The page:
White readers will need to pay special attention to the sections exploring the difference between white fragility and taking full ownership of facing your own racism. If you are white, you have internalized racism, even if you don't see it. This is what it is to live in a society stacked in your favor from the moment you are born and this is why it's important for us to confront our privilege and interrogate our biases.

    More importantly, we cannot—we must not—rely on People Of Color to help us do that. As Austin notes, she is "not the priest for the white soul" (p. 65.) 

    I was very moved by Interlude: Letter To My Son. I was also moved when Austin shared about her fears that crop up whenever her husband or dad travels. She worries they'll be pulled over and won't make it home. It's horrifying that this is not an unrealistic fear, that there's nothing we can say in reassurance. It's a profound reminder of why we need to keep fighting for justice and the eradication of white supremacy at every level. 

    There are tough truths here but there is also joy as Austin reflects on the gifts the Black church has given her and what she loves about being a Black woman. I loved reading about her memories of her childhood and time with her family, as well as her love for books and the library.

    Each chapter builds upon the one before it in a way that is masterful. This mastery becomes especially clear in the final two chapters. The last chapter is a reflection on hope and hopelessness and it is precisely what I needed to read for so many reasons.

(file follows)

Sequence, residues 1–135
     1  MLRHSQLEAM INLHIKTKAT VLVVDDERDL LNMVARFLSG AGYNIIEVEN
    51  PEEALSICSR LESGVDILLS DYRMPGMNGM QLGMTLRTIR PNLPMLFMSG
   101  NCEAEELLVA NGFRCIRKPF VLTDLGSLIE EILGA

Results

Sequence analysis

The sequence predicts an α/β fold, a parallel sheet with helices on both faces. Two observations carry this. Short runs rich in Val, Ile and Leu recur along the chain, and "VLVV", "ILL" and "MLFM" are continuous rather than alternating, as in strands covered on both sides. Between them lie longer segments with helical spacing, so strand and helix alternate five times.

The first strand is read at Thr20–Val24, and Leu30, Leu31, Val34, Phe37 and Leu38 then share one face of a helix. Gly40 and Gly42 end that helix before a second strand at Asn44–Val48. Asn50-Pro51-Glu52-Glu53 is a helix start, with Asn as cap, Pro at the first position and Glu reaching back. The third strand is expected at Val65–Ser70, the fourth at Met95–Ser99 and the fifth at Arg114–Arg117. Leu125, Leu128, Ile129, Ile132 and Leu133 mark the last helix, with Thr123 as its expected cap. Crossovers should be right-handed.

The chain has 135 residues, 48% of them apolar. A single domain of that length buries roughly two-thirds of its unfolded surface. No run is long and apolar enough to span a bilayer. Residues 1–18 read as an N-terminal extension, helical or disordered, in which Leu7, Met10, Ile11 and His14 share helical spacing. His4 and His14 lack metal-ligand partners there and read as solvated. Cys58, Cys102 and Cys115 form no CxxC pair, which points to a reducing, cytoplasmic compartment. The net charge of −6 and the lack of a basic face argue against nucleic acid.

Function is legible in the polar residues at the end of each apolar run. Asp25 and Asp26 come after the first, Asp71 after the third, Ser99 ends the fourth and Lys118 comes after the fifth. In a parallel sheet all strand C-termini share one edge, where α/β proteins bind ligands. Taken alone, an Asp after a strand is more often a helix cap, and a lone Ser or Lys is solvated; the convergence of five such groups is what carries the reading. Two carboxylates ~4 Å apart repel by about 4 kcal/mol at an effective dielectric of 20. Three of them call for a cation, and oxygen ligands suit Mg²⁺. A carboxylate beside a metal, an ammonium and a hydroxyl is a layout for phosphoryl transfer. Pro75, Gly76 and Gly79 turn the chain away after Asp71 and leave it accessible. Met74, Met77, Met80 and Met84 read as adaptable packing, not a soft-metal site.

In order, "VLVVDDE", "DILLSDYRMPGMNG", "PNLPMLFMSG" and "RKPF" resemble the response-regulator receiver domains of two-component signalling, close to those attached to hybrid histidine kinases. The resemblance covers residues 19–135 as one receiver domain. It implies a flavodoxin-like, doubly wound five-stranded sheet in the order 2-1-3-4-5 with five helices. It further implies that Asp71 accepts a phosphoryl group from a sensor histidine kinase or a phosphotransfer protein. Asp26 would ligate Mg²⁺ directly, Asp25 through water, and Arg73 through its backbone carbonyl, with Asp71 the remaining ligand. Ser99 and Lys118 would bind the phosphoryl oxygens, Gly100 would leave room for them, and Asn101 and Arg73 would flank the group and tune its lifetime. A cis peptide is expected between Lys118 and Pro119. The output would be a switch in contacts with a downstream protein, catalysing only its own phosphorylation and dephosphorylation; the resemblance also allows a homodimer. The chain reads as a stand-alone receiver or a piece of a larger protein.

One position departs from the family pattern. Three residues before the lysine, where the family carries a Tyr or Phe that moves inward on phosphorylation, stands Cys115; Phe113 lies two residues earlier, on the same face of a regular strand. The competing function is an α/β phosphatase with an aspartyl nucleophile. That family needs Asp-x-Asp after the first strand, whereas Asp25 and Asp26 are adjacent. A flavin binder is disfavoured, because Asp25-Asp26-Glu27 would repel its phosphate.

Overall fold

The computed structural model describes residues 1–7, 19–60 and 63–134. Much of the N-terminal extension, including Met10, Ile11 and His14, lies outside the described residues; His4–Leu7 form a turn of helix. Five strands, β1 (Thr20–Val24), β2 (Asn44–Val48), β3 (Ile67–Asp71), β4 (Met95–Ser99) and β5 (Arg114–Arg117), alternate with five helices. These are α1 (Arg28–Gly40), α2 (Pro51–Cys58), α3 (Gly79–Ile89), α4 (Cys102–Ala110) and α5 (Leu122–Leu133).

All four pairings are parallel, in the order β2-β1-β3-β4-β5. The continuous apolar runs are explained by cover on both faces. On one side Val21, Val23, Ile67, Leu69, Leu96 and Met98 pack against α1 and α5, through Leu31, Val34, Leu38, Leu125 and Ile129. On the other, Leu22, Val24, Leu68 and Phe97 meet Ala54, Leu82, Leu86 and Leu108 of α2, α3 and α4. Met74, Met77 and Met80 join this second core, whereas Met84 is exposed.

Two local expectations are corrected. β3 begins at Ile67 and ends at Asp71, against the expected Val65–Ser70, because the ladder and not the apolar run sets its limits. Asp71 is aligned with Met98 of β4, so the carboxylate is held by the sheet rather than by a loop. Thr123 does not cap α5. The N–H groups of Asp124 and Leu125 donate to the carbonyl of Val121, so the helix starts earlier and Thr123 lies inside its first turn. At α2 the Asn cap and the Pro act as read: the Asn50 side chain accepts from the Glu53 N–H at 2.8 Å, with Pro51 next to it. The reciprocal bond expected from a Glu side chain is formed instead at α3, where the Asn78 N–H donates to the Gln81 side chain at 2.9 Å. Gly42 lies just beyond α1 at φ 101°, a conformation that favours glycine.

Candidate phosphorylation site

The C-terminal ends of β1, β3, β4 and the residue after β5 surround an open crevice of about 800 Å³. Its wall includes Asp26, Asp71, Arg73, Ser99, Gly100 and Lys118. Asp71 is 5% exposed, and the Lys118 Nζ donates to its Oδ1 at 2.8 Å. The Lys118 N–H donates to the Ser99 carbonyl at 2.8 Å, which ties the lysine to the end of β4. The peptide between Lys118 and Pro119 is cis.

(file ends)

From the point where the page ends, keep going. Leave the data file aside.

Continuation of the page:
"This is the shadow of hope. Knowing that we may never see the realization of our dreams, and yet still showing up." p. 105

    Then I read the final paragraph and Austin brought it all home and my only thought was, "holy shit." It was that powerful. I read it again and then again and let her words sink in. The whole book builds toward that moment and it is absolutely incredible getting there. Highly recommended.

    Disclosure: I was provided a review copy from Convergent in exchange for an honest review. ...more

  • Kevin

    Some honest, poignant, and approachable conversation on race. I've read a lot of books on race, and sometimes they can be intimidating. The topic is heavy enough, but sometimes the books are academic in nature or are such a high level that you really have to wade through them. Brown's feels much more approachable. That's not to say she doesn't tackle heavy stuff (she does) or have hard things to say (she does) or is intellectually light (it's not), but it just feels very conversational. It's als ...more

  • Amy Hughes

    This is a MUST read. I'm grateful to Channing Brown for opening up her life in this beautiful and vulnerable memoir and reflecting upon her experience as a black woman in white spaces.

  • Kathleen

    4.45 stars. This is a powerful book! Review to follow

  • Chanequa Walker-Barnes

    Absolutely breathtaking! Just a few pages into this book, I knew that I had to finish it in one day. Austin Channing Brown does what many of us have been needing for so long: she centers her Black womanhood in her memoir of racial justice, reconciliation, and Christianity. By doing so, she demonstrates what womanist theologians have consistently claimed: when you begin with the experiences and needs of Black women, you articulate a theology that encompasses all. This is a memoir, to be sure, but ...more

  • Christy Childers

    Austin Channing Brown is straightforward & honest about her experiences as a black woman in America, making this a great addition to the ongoing racial justice conversation.